Zhou Guanyu's crash was just the start of an utterly chaotic British GP.
This weekend is Formula 1's British Grand Prix. It's one of the oldest, most storied races in the sport. Today, it was one of the most hectic races, if not the most hectic, since the controversial end to last year's F1 season at Abu Dhabi. While Ferrari driver Carlos Sainz piloted his car to his maiden F1 win from pole, the focus was a horrific incident.
On the first lap, as the lights went out, Alfa Romeo driver and teammate to Valtteri Bottas Zhou Guanyu found himself upside down in a hurry in a horrifying accident the likes of which F1 hasn't seen since Romain Grosjean's Bahrain crash.
Thankfully, the Chinese driver has been cleared and is unhurt, saying "Halo saved me today" in reference to the crash device that now sits above and around drivers' heads. He was even seen strolling the paddock after the race restarted.
Zhou started on the grid in ninth place, and not long after the lights were out, was knocked by Russell into turn one, causing the car to flip upside down across the gravel trap, over the tire barriers, and into the fence. In days of F1 past, this accident could have easily been fatal. In fact, many feared it was after seeing the impact.
The crash itself happened when Zhou was squeezed by Mercedes' George Russell and Alpha Tauri's Pierre Gasly. The AMG car spun into Zhou on his left, who was then shot over the top of Russell's car. Once the Alfa was settled, it rested almost entirely upside down, wedged between the fence and the tire barrier, with Zhou hanging by his harnesses, a full tank of fuel at his back.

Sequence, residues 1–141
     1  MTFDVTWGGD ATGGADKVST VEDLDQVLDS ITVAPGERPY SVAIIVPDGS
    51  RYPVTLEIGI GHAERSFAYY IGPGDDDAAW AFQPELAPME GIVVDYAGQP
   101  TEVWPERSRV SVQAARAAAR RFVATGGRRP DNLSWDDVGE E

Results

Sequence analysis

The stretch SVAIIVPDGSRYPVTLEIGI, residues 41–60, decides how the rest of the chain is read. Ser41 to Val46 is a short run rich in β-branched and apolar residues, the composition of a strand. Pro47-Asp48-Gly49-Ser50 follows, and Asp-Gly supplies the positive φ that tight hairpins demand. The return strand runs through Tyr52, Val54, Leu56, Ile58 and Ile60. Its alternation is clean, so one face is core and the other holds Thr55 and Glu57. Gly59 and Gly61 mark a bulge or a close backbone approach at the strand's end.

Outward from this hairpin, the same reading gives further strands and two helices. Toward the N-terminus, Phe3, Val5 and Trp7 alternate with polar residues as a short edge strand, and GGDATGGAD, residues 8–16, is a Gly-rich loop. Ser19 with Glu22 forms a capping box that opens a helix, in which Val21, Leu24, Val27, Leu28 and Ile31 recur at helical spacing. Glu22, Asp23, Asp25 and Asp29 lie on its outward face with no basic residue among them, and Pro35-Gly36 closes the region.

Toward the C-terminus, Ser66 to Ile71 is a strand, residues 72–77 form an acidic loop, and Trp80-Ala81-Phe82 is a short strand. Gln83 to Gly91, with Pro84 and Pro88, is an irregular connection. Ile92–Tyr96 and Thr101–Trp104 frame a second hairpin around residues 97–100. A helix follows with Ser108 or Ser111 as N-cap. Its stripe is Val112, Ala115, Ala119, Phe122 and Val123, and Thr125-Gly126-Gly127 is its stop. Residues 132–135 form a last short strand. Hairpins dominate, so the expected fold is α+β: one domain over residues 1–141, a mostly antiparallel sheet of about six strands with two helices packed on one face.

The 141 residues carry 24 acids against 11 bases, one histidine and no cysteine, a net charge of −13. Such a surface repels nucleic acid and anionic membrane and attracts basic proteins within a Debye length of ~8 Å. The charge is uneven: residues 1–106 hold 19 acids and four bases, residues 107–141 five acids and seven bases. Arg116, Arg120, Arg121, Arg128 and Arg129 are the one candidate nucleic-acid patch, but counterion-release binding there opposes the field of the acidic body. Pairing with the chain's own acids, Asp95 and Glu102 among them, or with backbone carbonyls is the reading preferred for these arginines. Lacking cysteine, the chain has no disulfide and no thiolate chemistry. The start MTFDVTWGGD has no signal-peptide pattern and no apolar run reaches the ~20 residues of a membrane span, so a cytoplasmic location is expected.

After seeing the situation Zhou found himself in after the crash, Russell called for immediate changes to the barriers at Silverstone Circuit, saying it was dangerous to have a gap there. Had Zhou been too hurt to extract himself, or had the car caught fire as it did with Grosjean at Bahrain, things could have been much worse. Here's another angle, courtesy of a fan:
Immediately after the crash, a red flag was flown, ending the race until further notice from the stewards. At some point during the chaos caused by Guanyu's horrible crash, protestors decided this was their chance to storm the track and make their point. Reportedly, the protestors were there to bring attention to F1's impact on the environment, including its Big Oil sponsors, like Aramco, which sponsors Mercedes-Benz.
The incident was, of course, poorly timed. The protestors were promptly arrested and removed from the track. Their actions did not garner any coverage from race media at the time of the incident. For now, at least, all that matters is that all drivers involved in the race are unhurt.